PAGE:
Why the U.S. Should Support the Women Protesting in Iran

On Sunday, Iranian police—apparently caving in to social-media pressure—released a woman who had stood near a public thoroughfare without her hijab to protest her country’s modesty laws. Charges against her have not been dropped, however. Meanwhile, women in the Islamic Republic continue to post pictures of themselves flouting hijab laws. Nina Shea explains why and how Washington can show its support:

Hijab infractions can bring sentences in jails notorious for medieval brutality and deprivations. (Amnesty International reports that five protesters have already died in detention.) Punishments can also include beatings, lashings, “reeducation,” or even the death penalty: a hijab protester was threatened with execution in 2016.

The U.S. already applies a number of sanctions against Iran for its religious oppression. We should give greater support to communications and information-sharing that are key to protecting dissidents like this heroic woman and the freedom cause itself. . . . When the regime blocks one messaging app—as it did with Telegram this month, effectively shutting down the economic protests—we should ensure there is access to others.

[Furthermore], Voice of America should cease uncritical reporting of Iranian propaganda—for example, that the mullahs showed “restraint” toward protesters (nearly 4,000 were arrested and dozens killed). Instead it should ramp up human-rights reporting. . . . The State Department should [also find] ways to expand the reach of U.S. broadcasting inside Iran. . . .

The new U.S. ambassador at large for religious freedom, Sam Brownback, should recognize the hijab protests as the religious-freedom issue that it is and publicize the names and cases of all of Iran’s religious prisoners.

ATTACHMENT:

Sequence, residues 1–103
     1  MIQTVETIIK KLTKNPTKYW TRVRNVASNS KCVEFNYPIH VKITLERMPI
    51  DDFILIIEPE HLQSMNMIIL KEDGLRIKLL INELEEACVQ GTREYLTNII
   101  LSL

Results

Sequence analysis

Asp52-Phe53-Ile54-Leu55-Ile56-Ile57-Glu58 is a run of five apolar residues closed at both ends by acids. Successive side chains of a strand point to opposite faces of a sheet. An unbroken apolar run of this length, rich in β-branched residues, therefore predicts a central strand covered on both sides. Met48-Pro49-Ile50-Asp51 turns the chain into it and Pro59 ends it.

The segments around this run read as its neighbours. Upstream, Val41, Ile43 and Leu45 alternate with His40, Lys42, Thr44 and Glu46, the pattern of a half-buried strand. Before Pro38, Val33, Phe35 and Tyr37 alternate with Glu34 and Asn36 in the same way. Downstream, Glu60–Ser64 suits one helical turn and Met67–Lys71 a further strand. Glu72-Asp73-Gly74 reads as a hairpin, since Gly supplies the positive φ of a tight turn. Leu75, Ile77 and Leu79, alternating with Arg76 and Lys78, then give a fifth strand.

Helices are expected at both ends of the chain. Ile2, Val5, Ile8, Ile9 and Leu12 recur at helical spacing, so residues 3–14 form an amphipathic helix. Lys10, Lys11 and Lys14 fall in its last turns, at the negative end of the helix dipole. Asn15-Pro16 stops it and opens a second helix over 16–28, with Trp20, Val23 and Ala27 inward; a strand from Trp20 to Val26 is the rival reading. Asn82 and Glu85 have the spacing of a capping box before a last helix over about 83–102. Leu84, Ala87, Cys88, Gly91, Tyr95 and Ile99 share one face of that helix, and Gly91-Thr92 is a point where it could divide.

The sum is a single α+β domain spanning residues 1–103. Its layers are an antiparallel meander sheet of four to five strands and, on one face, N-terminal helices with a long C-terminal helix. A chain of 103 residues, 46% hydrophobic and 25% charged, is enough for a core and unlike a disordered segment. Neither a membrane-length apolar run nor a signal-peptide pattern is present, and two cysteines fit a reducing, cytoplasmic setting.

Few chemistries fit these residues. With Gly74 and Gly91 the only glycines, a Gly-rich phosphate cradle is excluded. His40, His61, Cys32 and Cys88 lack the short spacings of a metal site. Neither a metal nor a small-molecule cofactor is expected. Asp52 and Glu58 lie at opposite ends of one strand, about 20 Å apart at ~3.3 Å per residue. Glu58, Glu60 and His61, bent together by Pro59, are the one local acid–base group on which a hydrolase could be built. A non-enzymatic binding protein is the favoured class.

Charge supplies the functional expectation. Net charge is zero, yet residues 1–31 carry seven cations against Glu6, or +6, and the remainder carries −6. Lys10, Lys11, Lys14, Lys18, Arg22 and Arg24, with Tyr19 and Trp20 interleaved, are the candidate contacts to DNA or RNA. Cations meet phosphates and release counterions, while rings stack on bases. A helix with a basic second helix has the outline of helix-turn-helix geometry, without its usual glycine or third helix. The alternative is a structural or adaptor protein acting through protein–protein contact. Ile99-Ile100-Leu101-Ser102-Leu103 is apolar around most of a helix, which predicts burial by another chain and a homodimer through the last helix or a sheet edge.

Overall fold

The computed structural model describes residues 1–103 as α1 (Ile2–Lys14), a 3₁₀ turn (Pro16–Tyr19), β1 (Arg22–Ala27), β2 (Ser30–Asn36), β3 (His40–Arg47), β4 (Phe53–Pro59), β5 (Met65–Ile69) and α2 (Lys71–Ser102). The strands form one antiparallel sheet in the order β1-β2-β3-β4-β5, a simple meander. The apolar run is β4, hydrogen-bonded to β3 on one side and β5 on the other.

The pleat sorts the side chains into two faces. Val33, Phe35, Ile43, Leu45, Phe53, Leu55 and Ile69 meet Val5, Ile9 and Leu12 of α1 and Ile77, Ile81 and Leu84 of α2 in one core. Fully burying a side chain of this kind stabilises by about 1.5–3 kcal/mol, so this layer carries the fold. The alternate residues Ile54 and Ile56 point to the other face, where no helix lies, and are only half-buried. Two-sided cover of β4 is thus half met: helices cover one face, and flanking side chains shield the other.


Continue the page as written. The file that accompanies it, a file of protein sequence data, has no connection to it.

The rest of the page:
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More about: Freedom of Religion, Iran, Politics & Current Affairs, U.S. Foreign policy

How Israel Can Best Benefit from Its Newfound Friendship with Brazil

Jan. 21 2019

Earlier this month, Benjamin Netanyahu was in Brazil—the first Israeli prime minister to visit the country—for the inauguration of its controversial new president Jair Bolsonaro. Bolsonaro has made clear his eagerness to break with his predecessors’ hostility toward the Jewish state, and Netanyahu has responded positively. To Emanuele Ottolenghi, the improved relations offer an opportunity for joint cooperation against Hizballah, which gets much of its revenue through cooperation with Brazilian drug cartels. In this cooperative effort, Ottolenghi cautions against repeating mistakes made in an earlier outreach to Paraguay:

Hizballah relies heavily on the proceeds of transnational crime networks, especially in the Tri-Border Area [where] Argentina, Brazil, and Paraguay [meet], but until recently, Brazilian officials were loath to acknowledge its presence in their country or its involvement in organized crime. [But] Bolsonaro’s top priority is fighting organized crime. Combating Hizballah’s terror finance is a vital Israeli interest. Making the case that Israel’s and Brazil’s interests dovetail perfectly should be easy. . . .

But Israel should be careful not to prioritize symbols over substance, a mistake already made once in Latin America. During 2013-2018, Netanyahu invested heavily in his relationship with Horacio Cartes, then president of Paraguay. Cartes, . . . too, had a genuine warmth for Israel, which culminated in his decision in May 2018 to move Paraguay’s embassy to Jerusalem. Most importantly, from Israel’s point of view, Paraguay began voting with Israel against the Arab bloc at the UN.

However, the Paraguayan side of the Tri-Border Area remained ground zero for Hizballah’s money laundering in Latin America. The Cartes administration hardly lifted a finger to act against the terror funding networks. . . . Worse—when critics raised Hizballah’s [local] terror-financing activities, Paraguayan ministers confronted their Israeli counterparts, threatening to change Paraguay’s friendly international posture toward Israel. [And] as soon as Cartes left office, his successor, Mario Abdo Benítez, moved Paraguay’s embassy back to Tel Aviv. . . . Israel’s five-year investment ultimately yielded no embassy move and no progress on combating Hizballah’s terror network. . . .

Israel should make the battle against Hizballah’s terror-finance networks in Latin America its top regional priority.

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More about: Benjamin Netanyahu, Brazil, Hizballah, Israel & Zionism, Israel diplomacy, Latin America